Statistical Concept and Methodology: The agricultural production index is prepared by the Food and Agriculture Organization of the United Nations (FAO). The FAO indices of agricultural production show the relative level of the aggregate volume of agricultural production for each year in comparison with the base period 2004-2006. They are based on the sum of price-weighted quantities of different agricultural commodities produced after deductions of quantities used as seed and feed weighted in a similar manner. The resulting aggregate represents, therefore, disposable production for any use except as seed and feed. All the indices at the country, regional and world levels are calculated by the Laspeyres formula*. Production quantities of each commodity are weighted by 2004-2006 average international commodity prices and summed for each year. To obtain the index, the aggregate for a given year is divided by the average aggregate for the base period 2004-2006. Since the FAO indices are based on the concept of agriculture as a single enterprise, amounts of seed and feed are subtracted from the production data to avoid double counting, once in the production data and once with the crops or livestock produced from them. Deductions for seed (in the case of eggs, for hatching) and for livestock and poultry feed apply to both domestically produced and imported commodities. They cover only primary agricultural products destined to animal feed (e.g. maize, potatoes, milk, etc.). Processed and semi-processed feed items such as bran, oilcakes, meals and molasses have been completely excluded from the calculations at all stages. It should be noted that when calculating indices of agricultural, food and nonfood production, all intermediate primary inputs of agricultural origin are deducted. However, for indices of any other commodity group, only inputs originating from within the same group are deducted; thus, only seed is removed from the group "crops" and from all crop subgroups, such as cereals, oil crops, etc.; and both feed and seed originating from within the livestock sector (e.g. milk feed, hatching eggs) are removed from the group "livestock products". For the main two livestock subgroups, namely, meat and milk, only feed originating from the respective subgroup is removed. Indices which take into account deductions for feed and seed are referred to as ''net''. Indices calculated without any deductions for feed and seed are referred to as ''gross". The "international commodity prices" are used in order to avoid the use of exchange rates for obtaining continental and world aggregates, and also to improve and facilitate international comparative analysis of productivity at the national level. These" international prices," expressed in so-called "international dollars," are derived using a Geary-Khamis formula** for the agricultural sector. This method assigns a single "price" to each commodity. For example, one metric ton of wheat has the same price regardless of the country where it was produced. The currency unit in which the prices are expressed has no influence on the indices published. The commodities covered in the computation of indices of agricultural production are all crops and livestock products originating in each country. Practically all products are covered, with the main exception of fodder crops. * A Laspeyres Index is known as a "base-weighted" or "fixed-weighted" index because the price increases are weighted by the quantities in the base period. The Consumer Price Index is an example of a Laspeyres Index. http://www.usna.edu/Users/econ/rbrady/312%20Materials/LaspeyresCalc.pdf ** Geary-Khamis formula is an aggregation method in which category "international prices" (reflecting relative category values) and country purchasing power parities (PPPs), (depicting relative country price levels) are estimated simultaneously from a system of linear equations. http://stats.oecd.org/glossary/detail.asp?ID=5528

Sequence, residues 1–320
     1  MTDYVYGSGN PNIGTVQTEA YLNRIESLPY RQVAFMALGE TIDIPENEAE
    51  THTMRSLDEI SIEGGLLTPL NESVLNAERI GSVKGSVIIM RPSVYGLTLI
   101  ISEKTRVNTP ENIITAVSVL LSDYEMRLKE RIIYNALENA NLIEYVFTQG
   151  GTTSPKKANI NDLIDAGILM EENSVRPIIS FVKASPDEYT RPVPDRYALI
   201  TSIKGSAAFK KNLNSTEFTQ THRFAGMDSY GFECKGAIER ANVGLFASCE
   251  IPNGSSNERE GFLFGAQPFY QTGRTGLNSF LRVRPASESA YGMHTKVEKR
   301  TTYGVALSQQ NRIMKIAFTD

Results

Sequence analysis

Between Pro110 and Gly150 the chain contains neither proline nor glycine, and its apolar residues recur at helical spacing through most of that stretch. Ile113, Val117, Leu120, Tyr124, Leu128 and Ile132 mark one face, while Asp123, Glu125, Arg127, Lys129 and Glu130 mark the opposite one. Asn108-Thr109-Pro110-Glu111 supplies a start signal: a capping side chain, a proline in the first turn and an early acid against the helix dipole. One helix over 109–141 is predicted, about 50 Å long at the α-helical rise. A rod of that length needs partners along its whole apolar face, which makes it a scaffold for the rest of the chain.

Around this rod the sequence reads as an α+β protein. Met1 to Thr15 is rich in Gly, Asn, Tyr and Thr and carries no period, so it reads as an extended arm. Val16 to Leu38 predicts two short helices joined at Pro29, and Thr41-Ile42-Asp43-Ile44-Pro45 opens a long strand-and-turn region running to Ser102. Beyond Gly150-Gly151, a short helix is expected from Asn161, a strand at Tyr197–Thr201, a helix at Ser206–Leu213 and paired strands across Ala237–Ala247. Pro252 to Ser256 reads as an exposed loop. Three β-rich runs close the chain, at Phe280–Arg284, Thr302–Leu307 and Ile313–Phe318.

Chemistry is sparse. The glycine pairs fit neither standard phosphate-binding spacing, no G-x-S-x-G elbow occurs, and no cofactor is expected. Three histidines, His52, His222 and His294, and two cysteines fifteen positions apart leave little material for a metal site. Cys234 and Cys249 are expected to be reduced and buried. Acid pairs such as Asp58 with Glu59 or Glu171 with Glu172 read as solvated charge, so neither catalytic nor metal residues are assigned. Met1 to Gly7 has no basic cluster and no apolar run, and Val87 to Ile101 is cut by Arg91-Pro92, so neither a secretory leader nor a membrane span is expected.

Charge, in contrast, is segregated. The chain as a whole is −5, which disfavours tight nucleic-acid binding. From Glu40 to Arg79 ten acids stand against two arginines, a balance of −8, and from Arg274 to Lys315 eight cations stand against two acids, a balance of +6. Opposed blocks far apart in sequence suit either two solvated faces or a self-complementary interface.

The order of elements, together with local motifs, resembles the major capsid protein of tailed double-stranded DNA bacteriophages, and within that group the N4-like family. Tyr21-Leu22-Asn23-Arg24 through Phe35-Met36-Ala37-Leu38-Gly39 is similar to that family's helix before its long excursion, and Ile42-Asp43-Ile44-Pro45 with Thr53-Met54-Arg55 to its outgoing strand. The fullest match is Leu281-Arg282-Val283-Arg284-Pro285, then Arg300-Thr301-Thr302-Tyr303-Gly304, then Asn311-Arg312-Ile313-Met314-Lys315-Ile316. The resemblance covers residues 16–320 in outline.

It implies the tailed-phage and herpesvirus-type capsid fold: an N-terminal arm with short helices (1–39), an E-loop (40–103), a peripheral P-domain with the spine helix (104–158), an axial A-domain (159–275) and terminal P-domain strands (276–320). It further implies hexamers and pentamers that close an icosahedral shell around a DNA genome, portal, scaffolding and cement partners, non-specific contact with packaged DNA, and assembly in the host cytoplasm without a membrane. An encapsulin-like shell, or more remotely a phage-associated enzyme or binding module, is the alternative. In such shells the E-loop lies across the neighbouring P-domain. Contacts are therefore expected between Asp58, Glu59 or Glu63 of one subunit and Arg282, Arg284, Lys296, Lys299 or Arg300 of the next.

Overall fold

Aggregation method: Weighted average

Base Period: 2004-06

Periodicity: Annual